City Charter requires adherence to former boundaries
Manny Lopez | Downtown News
Though Downtown San Diego is no longer part of Council District 2, the possibility exists that a resident from the city center could wind up representing it.
Kevin Faulconer resigned his District 2 council seat March 3 to be sworn in as San Diego’s mayor and complete the remainder of Bob Filner’s term.
Since the District 2 vacancy did not occur as a consequence of a successful recall election and there is still a year or less left in Faulconer’s term, the City’s charter and municipal code mandate that the full City Council appoint an interim representative within 30 days of the vacancy to complete the four-year term, which ends in December.
The rules further state that whoever is appointed must live and be a registered voter within the geographic boundaries of the old District 2, as it was configured before the redistricting that took place in August of 2011. That reconfiguration — which reassigned Downtown neighborhoods to District 3 — was a result of the latest U S. Census report.
Potential appointees must also gather nominating signatures from at least 50 qualified registered voters within the old borders.
That translates to the voters who selected Faulconer as their councilmember in the original election are now the ones helping to choose his successor.
In a report by City Attorney Jan Goldsmith to the City Council, the City’s top legal advisor wrote, “If the new boundaries were to be used, courts have held it would unconstitutionally deprive the original District voters of their ability to place someone in the Council seat.”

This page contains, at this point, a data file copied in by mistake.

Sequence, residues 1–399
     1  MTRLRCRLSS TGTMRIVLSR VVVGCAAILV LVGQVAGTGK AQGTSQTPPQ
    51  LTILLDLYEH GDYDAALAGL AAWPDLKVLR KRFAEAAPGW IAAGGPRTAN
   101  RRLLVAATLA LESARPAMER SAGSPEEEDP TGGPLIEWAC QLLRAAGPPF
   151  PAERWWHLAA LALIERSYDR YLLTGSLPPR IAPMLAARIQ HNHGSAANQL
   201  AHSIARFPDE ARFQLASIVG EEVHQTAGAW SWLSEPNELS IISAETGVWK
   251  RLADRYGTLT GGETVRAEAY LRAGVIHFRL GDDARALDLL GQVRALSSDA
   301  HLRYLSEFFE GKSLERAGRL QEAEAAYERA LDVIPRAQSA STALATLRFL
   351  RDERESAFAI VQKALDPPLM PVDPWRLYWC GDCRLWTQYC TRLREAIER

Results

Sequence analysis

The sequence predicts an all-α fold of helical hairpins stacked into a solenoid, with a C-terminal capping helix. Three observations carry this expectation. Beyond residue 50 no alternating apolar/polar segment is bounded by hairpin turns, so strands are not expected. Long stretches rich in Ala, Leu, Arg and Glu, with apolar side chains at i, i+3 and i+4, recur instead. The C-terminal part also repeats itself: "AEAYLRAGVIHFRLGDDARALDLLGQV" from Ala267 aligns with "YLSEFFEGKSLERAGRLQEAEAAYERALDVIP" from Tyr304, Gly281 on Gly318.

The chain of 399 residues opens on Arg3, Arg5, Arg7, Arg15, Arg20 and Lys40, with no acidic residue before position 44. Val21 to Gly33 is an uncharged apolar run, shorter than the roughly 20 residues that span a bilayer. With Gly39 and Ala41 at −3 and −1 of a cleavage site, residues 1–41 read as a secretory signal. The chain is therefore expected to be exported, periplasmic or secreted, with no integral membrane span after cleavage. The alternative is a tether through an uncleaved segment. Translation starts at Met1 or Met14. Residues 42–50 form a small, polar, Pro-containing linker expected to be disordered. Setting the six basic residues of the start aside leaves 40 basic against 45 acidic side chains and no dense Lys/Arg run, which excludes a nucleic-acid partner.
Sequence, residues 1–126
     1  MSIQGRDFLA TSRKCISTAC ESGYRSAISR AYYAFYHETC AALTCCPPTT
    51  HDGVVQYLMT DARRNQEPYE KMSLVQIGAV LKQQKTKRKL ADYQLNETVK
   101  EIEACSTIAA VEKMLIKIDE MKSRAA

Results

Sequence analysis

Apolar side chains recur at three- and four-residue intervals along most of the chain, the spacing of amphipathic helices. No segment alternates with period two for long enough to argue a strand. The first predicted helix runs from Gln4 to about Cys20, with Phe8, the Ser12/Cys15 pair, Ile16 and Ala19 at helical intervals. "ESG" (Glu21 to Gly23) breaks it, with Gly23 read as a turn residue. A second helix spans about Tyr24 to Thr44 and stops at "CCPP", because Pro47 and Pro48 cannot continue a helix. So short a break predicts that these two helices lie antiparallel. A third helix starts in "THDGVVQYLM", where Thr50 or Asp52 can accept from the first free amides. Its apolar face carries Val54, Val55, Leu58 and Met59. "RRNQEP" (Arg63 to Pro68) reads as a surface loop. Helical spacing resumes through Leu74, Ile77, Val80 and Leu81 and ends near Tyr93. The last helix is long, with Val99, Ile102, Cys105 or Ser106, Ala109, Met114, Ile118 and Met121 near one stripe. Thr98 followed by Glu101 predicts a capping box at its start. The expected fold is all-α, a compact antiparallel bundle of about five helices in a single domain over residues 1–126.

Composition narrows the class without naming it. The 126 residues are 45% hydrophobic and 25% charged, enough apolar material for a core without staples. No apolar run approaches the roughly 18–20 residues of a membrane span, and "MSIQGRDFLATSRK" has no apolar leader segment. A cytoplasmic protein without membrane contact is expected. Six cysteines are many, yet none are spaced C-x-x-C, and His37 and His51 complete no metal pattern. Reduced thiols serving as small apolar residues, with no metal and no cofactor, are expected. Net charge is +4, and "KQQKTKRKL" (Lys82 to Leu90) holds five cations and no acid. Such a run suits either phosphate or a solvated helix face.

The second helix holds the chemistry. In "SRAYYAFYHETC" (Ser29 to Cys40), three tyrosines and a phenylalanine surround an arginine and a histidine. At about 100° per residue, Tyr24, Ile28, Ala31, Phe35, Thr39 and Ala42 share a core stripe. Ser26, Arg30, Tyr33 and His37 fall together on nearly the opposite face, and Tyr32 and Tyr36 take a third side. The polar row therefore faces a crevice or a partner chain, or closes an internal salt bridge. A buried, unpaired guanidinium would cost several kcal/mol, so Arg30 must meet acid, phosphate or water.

According to Bonnie Stone, deputy director of elections and information services for the San Diego City Clerk’s office, three applicants from the 92101 zip code are among the 19 that have filed application papers and are qualified to be considered for the District 2 appointment. They include Robert C. Coates, former San Diego superior court judge; Ricardo A. Flores, chief of staff for District 9 Councilmember Marti Emerald; and James McBride, a former small business owner and management consultant.
The person chosen will focus on addressing the needs and concerns of the current District 2 neighborhoods of Bay Ho, Bay Park, Linda Vista, Morena, Midway, Mission Beach, North Bay, Ocean Beach, Pacific Beach and Point Loma.
Under city rules, the appointee will not be able to run for the seat in the upcoming November election.
Although the City Council itself is a non-partisan body, the recent vacancy has left it with a 5 – 3 Democrat majority. If another Democrat should be selected, they would have a 6 – 3 super-majority, giving them the ability to override any mayoral veto.
“It’s obvious that whoever is appointed is going to be a Democrat,” said Gary Smith, president of the San Diego Downtown Residents Group, a nonprofit that has been involved with community issues in all Downtown neighborhoods.
“As far as we’re concerned, it doesn’t matter who is appointed,” Smith said. “The person will be representing the new District 2 and any of our concerns are really immaterial to the councilmember.”
Downtown resident Laura Garrett said her hope is that whoever is chosen to fill the seat will be someone who is capable, thoughtful and will not operate with a mindset that is strictly limited to one part of the city.
“One way or the other, I think it’s an interesting place we find ourselves in,” Garrett said. “I anticipate that the folks in the running are all just really great candidates that will represent the city well no matter what their address.”
A complete list of applicants and more details about the appointment can be obtained at the Office of the City Clerk or by visiting sandiego.gov/city-clerk/elections/cd2/index.shtml.
—A native New Yorker, Manny Lopez is a freelance journalist and photographer who started his writing career in La Jolla. He now covers San Diego and Southwest-Riverside counties penning news, features and business profiles. Manny can be reached at email@example.com.
** Update: As of Monday, April 7, San Diego Lifeguard Union Chief Ed Harris has been appointed to the District 2 City Council seat. Read more here on kpbs.org.